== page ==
It’s been a while since computer based musicians rave on real-time music collaboration. And during last decade’s first half, there was a strong team working hard on an tool that – despite finding some obstacles – was such a good enterprise for that time and helped to push real-time collaboration’s boundaries. We’re talking about the Rocket Network, an add-on tool that used to work together with some DAWs providing collaboration features. Some of you teenagers out there starting to produce music today don’t remember that, but anyone more experienced knows what Rocket we’re talking about. Engin Hassan knows – and remembers it – very well, as he’s a former member of the Rocket Network team. We’ve interviewed him and he tells to the ohmworld how things were in the backstage, the goals and the pitfalls of their attempt, and why he’s enthousiast with the Ohm Studio.
Please tell us about the Rocket Networks enterprise and what was your job there?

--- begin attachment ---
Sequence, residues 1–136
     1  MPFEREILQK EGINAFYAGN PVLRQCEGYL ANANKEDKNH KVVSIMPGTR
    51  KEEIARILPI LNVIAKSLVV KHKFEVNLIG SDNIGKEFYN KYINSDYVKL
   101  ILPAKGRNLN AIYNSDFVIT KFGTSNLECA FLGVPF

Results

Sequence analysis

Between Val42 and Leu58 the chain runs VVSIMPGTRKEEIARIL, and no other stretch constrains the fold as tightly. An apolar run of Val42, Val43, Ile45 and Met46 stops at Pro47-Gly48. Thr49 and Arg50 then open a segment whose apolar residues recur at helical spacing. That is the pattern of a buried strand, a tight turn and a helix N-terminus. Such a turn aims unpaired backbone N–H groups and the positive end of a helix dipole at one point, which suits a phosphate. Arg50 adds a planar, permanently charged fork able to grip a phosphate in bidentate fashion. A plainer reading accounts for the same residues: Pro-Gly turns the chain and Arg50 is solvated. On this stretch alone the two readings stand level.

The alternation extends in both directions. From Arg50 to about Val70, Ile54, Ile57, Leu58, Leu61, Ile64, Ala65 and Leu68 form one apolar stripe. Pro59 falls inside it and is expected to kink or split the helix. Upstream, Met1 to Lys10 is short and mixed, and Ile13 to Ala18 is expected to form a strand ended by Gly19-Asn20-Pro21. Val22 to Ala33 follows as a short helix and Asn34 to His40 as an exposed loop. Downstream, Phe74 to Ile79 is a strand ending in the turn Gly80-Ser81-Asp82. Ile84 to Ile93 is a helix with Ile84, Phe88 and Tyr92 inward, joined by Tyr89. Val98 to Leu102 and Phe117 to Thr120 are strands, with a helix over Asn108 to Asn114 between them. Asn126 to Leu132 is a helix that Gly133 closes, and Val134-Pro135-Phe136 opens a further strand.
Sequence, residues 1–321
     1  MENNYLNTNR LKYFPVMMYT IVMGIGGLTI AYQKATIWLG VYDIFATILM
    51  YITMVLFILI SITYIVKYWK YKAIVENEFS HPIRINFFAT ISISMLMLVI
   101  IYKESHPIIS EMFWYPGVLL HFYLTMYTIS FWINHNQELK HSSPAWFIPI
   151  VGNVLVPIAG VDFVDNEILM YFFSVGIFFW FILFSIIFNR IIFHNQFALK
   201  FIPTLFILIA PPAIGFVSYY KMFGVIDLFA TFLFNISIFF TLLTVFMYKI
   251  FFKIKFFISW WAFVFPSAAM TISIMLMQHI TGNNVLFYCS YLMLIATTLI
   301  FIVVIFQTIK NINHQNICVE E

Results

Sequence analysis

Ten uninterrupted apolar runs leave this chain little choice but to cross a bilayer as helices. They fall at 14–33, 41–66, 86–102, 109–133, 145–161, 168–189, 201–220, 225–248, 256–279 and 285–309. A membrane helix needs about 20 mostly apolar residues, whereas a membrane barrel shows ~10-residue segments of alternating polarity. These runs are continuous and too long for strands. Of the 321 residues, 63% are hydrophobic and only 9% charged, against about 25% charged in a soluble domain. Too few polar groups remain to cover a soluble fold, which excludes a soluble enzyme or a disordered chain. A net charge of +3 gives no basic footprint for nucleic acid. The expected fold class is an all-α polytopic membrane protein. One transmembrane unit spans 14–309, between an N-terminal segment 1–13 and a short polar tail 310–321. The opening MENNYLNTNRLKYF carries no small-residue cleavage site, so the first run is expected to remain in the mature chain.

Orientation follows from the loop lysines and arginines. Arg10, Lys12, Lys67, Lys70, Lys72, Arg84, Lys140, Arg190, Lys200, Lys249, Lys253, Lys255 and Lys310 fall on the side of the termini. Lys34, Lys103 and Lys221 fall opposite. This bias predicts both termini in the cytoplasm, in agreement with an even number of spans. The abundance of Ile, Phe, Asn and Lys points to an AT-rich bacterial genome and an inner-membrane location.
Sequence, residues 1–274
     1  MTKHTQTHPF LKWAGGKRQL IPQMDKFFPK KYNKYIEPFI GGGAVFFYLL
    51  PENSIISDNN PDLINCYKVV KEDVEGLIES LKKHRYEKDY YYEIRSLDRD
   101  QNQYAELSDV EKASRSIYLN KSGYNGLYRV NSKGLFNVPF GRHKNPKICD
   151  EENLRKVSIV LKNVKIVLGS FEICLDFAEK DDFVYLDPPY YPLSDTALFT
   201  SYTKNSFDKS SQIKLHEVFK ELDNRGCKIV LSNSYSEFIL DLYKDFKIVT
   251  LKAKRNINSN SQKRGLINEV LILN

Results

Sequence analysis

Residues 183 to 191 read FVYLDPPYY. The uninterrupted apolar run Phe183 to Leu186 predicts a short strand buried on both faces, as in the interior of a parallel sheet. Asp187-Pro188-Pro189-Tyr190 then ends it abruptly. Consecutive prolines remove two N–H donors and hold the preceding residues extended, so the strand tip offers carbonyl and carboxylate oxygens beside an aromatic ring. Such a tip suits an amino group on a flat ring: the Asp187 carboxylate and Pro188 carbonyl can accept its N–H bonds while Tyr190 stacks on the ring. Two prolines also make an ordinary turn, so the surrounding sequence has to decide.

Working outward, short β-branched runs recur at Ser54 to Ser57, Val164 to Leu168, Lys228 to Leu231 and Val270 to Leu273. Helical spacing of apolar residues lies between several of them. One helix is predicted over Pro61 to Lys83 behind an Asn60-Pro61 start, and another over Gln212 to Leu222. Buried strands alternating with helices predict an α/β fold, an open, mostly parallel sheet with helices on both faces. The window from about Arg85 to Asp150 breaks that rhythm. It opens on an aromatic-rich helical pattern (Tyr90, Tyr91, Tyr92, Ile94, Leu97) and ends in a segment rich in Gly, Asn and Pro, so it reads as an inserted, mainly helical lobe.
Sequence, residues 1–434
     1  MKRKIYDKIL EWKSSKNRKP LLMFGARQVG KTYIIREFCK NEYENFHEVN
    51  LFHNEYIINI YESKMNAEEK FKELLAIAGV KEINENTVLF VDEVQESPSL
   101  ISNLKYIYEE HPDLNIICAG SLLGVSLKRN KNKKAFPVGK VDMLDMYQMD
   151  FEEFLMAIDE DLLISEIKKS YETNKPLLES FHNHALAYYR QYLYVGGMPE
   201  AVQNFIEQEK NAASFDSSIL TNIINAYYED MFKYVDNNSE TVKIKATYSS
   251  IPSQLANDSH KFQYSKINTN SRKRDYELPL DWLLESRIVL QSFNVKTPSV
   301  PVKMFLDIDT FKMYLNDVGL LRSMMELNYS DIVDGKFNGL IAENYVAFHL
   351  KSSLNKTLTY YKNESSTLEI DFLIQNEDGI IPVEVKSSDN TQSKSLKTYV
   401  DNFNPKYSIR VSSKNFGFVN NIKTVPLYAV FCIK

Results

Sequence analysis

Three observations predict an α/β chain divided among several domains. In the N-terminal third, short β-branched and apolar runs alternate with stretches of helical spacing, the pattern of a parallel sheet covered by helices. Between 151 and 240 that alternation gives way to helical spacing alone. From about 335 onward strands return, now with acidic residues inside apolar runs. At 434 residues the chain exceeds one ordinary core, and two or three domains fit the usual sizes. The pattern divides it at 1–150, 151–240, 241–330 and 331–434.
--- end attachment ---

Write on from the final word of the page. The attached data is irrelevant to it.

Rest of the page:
Well I had a few jobs with Rocket Network. I started out as part of the beta team and then went on to join the demo team. As a member of the demo team it was my job to send audio back and forth to Rocket representatives who were showing the system to potential clients. So for example a rocket representative would be in a production facility in lets say New York and would say to me “ok I have just started a new session and I’d like you to send me a drum break”. I would prepare a drum track and post it to the session. Within a short space of time it would magically appear on the screen at the other end for the client to see. Later on when rocket went live I also joined the Online Facilitators team who’s job it was to greet new people (virtually in the welcome lobby that is) who were trying out the software and offer to show them round. For those who are wondering, Rocket was incorporated into three of the major sequencers at that time: Logic, Cubase, and Pro tools. The idea was that you could collaborate with other people who were using the same software i.e. other Cubase users or other Pro Tools users on projects. Communication would be via a chat app built into the Rocket interface and you would be able to move around the virtual studios and join projects the same way you would move around chat rooms for instance. Once you had entered a virtual studio you could start downloading the project in that studio into your audio software straight away. You could also chat with other users who were present in that studio at that time. If you liked what you heard you could add something yourself and post it to the session for the other users to hear. For example the other guy present in the session who was in Madrid posted a very cool percussion part to track one. If you wanted to add a bass line then you would go ahead and record the bass part as normal on another spare track and then press post. Within a short space of time it would appear in the other guys session for him to hear. Because Rocket used virtual studios that resided on the Rocket servers you did not necessarily need to be there at the same time as the other person. If you were busy your other collaborators could start a session and post it up to the virtual studio and you could download it and add your own parts later when you got home. Continue reading ‘Engin Hassan, former Rocket Networks member, talks about music collaboration’